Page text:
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CHECK POLLEN WITH A MICROSCOPE
be interesting to see how many different kinds of pollen, and what other
substances may be floating around in the breeze. In addition to being
interesting, this infor-
The way we will find out is by coating some slides (oblong pieces of thin glass, used to receive substances that will be checked under a microscope) with petroleum jelly. Perhaps each of the students can take one home, and put it in the back yard. It would be a good idea to use a clothespin to hang the slide on a strong stem of a tall plant in or near your garden. Also, we will hang a few slides around the school yard. The class will be divided into five groups. We'd best start this project on a Friday. Group # 1 will bring their slides back on Monday, after hanging outside over the weekend; group # 2 can bring theirs' back on Tuesday; group # 3 on Wednesday; group # 4 on Thursday, and group # 5 on Friday.
Each day, we will check one slide from the school yard, plus the slides from the group that was scheduled to bring back their slides from home. Before putting the slides under the microscope, we will mix in a bit of crystal violet and aniline oil, then heat the slide over our lab burner. This is called "fixing" the slides. It makes it easier to see the different substances that are on the slide.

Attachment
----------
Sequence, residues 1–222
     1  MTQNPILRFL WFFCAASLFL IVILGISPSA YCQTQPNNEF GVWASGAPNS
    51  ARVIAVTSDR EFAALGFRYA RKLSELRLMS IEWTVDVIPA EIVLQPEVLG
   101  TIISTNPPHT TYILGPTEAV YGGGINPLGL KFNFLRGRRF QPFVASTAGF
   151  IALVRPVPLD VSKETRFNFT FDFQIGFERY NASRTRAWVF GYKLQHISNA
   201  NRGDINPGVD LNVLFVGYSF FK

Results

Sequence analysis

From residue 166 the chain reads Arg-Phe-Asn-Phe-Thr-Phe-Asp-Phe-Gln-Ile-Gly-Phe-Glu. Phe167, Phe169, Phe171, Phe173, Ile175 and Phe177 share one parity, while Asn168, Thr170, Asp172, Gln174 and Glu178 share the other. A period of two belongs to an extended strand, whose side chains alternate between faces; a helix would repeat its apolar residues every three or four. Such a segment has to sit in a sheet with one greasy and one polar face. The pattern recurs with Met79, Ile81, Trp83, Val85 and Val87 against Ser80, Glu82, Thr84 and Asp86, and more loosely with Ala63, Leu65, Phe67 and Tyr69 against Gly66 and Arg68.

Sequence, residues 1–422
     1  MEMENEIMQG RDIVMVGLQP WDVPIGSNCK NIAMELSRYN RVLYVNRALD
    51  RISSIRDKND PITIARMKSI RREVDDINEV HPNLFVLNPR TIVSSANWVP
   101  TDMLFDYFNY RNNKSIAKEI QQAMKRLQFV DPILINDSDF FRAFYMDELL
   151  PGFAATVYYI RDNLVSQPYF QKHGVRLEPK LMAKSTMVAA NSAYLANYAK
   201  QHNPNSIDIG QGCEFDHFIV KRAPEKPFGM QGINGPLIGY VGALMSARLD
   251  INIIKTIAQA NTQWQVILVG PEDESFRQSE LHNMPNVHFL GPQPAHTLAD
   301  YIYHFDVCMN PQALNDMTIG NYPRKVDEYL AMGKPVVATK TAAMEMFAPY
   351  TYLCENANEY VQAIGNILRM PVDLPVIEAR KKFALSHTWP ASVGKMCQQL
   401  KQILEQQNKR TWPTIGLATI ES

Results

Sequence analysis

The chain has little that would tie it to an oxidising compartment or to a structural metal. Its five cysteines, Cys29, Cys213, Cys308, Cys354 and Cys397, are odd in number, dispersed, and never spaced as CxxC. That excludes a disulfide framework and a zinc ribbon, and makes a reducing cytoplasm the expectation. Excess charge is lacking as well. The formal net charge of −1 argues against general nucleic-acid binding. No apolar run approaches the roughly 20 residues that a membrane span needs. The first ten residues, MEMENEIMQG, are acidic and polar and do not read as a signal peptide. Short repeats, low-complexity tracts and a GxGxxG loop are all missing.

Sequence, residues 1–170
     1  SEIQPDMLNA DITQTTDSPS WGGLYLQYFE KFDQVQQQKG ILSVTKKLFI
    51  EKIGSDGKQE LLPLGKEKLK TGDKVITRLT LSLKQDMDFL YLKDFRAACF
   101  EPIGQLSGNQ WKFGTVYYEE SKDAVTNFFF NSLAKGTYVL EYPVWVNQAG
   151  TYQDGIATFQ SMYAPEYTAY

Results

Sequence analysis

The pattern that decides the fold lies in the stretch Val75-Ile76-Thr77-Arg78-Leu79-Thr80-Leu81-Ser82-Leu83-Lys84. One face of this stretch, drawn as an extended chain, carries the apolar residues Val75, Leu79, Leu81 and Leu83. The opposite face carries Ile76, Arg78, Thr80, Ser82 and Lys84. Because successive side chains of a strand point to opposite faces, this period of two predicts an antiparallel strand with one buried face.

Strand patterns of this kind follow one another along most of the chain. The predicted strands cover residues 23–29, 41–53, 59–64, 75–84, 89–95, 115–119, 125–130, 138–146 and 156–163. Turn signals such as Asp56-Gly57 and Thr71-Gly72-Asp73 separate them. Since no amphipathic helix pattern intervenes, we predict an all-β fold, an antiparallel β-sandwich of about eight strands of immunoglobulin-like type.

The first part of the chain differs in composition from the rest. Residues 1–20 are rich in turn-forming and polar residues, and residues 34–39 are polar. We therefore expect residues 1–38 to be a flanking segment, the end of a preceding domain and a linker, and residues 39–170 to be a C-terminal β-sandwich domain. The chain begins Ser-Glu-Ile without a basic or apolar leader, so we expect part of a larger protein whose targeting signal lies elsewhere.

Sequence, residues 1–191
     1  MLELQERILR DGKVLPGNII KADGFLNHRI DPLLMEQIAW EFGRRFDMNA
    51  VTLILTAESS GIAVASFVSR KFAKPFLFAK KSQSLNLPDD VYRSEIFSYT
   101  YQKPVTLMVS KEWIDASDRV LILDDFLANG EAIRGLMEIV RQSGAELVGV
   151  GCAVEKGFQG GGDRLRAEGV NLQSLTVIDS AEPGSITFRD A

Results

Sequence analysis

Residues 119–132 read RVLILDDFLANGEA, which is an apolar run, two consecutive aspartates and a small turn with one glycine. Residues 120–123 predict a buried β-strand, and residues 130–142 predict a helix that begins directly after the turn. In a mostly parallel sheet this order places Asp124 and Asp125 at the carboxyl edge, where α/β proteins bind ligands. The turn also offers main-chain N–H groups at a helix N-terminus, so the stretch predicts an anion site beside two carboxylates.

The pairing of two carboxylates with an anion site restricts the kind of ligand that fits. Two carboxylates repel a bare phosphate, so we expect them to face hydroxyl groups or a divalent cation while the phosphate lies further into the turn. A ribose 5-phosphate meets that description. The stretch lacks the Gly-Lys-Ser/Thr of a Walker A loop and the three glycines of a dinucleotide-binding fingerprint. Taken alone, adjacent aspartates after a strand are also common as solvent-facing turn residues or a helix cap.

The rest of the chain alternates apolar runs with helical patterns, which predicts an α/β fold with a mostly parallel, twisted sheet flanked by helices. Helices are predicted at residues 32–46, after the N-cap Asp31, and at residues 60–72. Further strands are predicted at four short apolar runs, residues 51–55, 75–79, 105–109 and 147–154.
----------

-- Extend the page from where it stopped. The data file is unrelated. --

It will be fun to count the different kinds of "specks" we see on each slide, and to see that the ones that are outside the longest will have the most specks. Since we're really not botanists, we can't expect to be able to identify the substances on the slides; we can notice that there are different kinds of "specks." However, we could collect some pollen from different flowers, using a cotton swab or popsicle stick, and look at them under the microscope. We might find that some of the pollen we collect has fallen naturally onto some of our slides. That way, we could at least identify the pollens that appear to be the same as that which we have collected.
How do we tell that there are different kinds of stuff on the slides? By the shapes, the sizes, and the colors of the substances. Depending upon the winds, and the kinds of agriculture or industry that takes place around our school district, there will be dust and dirt on our slides, as well as pollen.
This project is done routinely by environmentalists, who need to find out what is in the air we breathe. People who have allergies are helped by this because when their doctors know what is currently in the air, they can prescribe the right medicines to treat the allergies. In areas where there is usually a heavy smog problem, people with certain allergies or respiratory diseases are warned to stay inside their homes on days when the environ- mentalists find certain kinds of harmful substances on their collecting slides. In areas where there are many farms, the environmentalists can issue warnings when certain pollens are in the air. Ragweed pollen can be very dangerous to people with some kinds of allergies, and if they know that it will be in the air, there is medicine they can take before going outside.
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